Former Securities and Exchange Board of India (Sebi) chairman M Damodaran was instrumental in bringing in the Clause 49 requirements on independent directors (IDs) and taking several steps to get companies to follow these.
Soon after he stepped down as Sebi chief, he was invited for a talk at a premier management institution.
A member from the audience, who thought the former IAS officer was still with Sebi, started blaming the regulator for the losses he'd suffered in the stock market.
“You guys are responsible for all things going wrong,” he said.
His argument was that he was earlier very careful with the companies he invested in but after Sebi brought in the ID requirement, “We took the eyes off the ball.”
And, lost money, as these IDs did not perform as expected.
Though it was not an accurate or fair complaint, it set Damodaran thinking. He resolved to take this up “as an area of work…somewhere down the line”.
Seven years later, that resolve has crystallised into a first of its kind body in the world, though its focus area is slightly broader in the sense it would include even the non-IDs.
Damodaran recalled the above incident while talking to journalists at the BSE building in Mumbai before launching Non-Executive Directors In Conversation Trust (NEDICT) last week.
In a way, the anger shown by that investor found its way into the psyche of lawmakers and regulators over the next few years.
Fuelled by the Satyam Computer scandal and the criticism faced by directors, laws and regulations have made the board of a company responsible for various things, many of which they have little control over. While these changes have given some assurance to minority investors, it has unnerved the population that takes up board seats in various companies.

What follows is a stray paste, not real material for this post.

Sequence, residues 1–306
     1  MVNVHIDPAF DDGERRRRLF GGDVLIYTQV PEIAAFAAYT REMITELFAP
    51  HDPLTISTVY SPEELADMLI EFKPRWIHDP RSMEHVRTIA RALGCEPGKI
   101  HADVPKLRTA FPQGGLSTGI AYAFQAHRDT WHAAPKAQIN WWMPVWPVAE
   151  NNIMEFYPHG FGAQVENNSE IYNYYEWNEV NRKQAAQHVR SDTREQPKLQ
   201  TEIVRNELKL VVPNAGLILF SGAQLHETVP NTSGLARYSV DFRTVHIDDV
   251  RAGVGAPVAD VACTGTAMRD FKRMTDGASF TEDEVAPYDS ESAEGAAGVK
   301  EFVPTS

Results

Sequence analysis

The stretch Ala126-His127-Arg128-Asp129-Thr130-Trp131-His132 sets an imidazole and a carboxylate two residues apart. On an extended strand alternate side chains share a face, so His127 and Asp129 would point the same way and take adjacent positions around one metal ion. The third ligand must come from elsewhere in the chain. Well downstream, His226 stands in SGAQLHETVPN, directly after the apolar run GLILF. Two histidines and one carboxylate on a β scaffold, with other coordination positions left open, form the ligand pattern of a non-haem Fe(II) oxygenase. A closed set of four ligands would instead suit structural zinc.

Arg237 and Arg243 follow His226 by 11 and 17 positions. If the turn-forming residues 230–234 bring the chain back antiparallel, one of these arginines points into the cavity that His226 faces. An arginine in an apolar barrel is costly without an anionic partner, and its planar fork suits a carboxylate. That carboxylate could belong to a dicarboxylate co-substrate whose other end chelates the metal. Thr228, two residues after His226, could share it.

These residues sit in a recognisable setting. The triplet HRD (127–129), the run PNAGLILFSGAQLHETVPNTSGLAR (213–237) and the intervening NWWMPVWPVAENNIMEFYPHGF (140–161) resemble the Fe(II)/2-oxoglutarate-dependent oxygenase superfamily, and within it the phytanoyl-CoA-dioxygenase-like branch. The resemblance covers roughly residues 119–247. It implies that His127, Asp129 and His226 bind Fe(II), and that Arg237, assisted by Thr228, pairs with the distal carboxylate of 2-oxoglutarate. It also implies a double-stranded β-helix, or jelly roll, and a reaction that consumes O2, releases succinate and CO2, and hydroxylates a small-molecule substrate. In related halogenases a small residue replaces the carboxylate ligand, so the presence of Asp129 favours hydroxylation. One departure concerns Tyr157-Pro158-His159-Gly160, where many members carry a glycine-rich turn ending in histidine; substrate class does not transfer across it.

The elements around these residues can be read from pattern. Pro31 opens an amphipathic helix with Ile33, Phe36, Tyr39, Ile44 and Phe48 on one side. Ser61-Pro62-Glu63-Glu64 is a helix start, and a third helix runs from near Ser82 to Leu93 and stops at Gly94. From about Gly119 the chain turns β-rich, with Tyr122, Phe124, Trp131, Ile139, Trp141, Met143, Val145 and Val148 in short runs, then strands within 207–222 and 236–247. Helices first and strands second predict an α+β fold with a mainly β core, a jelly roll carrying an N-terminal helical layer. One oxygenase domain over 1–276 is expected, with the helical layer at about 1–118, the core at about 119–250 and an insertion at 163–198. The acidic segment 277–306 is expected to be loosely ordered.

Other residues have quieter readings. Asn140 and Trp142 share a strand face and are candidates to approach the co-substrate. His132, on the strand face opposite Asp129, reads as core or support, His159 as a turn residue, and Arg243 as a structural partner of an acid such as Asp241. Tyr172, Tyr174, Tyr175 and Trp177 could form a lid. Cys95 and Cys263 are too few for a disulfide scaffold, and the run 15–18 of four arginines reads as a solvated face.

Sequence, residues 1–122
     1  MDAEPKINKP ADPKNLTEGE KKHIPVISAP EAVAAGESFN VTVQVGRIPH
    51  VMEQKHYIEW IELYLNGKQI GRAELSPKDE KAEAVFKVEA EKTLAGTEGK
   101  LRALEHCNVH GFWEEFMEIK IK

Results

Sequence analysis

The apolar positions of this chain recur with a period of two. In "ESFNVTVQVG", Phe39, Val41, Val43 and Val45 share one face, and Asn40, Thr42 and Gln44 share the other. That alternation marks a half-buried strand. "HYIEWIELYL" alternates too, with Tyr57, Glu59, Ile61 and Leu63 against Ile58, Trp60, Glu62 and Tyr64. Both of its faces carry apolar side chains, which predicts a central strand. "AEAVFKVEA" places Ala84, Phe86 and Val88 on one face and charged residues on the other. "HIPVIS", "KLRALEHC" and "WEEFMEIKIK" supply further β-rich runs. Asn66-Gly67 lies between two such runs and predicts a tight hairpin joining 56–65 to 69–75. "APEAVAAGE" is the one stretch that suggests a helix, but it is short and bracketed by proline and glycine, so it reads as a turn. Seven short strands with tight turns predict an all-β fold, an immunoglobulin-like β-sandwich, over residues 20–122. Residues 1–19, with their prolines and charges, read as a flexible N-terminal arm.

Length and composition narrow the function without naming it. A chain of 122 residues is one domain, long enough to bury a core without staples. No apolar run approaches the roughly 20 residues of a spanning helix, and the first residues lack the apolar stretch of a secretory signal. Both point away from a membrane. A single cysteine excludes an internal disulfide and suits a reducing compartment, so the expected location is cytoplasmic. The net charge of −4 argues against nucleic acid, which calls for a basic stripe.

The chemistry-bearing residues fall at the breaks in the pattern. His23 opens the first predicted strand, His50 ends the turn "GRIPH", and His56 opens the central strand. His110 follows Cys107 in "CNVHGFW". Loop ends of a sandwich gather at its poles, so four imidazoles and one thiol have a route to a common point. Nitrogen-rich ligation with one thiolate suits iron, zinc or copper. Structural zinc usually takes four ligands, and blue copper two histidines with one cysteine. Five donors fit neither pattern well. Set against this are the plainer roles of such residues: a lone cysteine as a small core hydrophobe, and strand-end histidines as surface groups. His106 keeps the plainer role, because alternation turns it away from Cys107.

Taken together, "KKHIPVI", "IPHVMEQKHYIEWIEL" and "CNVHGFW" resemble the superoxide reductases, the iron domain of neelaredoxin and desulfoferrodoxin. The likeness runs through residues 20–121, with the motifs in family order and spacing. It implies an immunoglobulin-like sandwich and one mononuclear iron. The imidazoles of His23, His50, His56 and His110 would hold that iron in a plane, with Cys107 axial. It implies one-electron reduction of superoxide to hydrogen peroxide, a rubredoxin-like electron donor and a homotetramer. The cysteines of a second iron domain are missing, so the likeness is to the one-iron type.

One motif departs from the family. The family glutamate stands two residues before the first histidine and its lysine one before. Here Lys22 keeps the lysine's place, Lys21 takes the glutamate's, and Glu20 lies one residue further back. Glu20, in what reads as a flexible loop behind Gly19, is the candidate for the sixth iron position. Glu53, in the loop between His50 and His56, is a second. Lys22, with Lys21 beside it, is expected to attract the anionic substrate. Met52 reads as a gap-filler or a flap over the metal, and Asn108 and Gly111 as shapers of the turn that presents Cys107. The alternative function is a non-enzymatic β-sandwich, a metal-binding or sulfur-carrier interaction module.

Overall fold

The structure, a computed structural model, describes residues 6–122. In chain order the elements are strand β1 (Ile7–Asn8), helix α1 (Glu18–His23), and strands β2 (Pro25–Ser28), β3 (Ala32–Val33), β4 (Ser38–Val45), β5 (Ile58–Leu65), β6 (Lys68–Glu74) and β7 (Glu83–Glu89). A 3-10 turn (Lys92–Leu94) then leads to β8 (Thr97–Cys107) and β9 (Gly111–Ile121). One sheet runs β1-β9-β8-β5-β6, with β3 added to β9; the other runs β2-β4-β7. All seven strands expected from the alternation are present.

One of the biggest issues faced by these senior corporate citizens is the asymmetry of information.
The knowledge of these non-executive directors, who visit the company on four or five days every year, is no match to the executive management that handles the day-to-day affairs.
In the face of such asymmetry, the duties mandated on them in the Companies Act, such as reporting “concerns about unethical behaviour” and recording “concerns about running of the company” in the board minutes, seem a tall mountain to climb.
Another major concern for the NEDs is the big stick of class action suits provided for by the new Companies Act.
Damodaran feels it is only a matter of time that this is wielded by shareholders at hapless NEDs.
NEDICT, through a conversation format, hopes to address these issues and help NEDs equip and embolden themselves to face the new world beyond tea, snacks and Bollywood gossip, that directors were often criticised of reducing board meetings to.
NEDICT has also got in touch with companies, which will be limited to the role of ‘donors’.
While Damodaran and his fellow trustees have ruled out a self-regulatory organisation, NEDICT wants to play an active advocacy role and give a voice to the NED community, which could run into ‘thousands’.
NEDICT could be a good counter-weight for the pro-minority investor community, comprising activists, regulators and proxy firms, gunning for the head of board members for anything going wrong with companies and stocks.
Let us hope it creates an atmosphere for more informed and nuanced debates that pave way for better board rooms and better managed companies, which are in turn better for investors.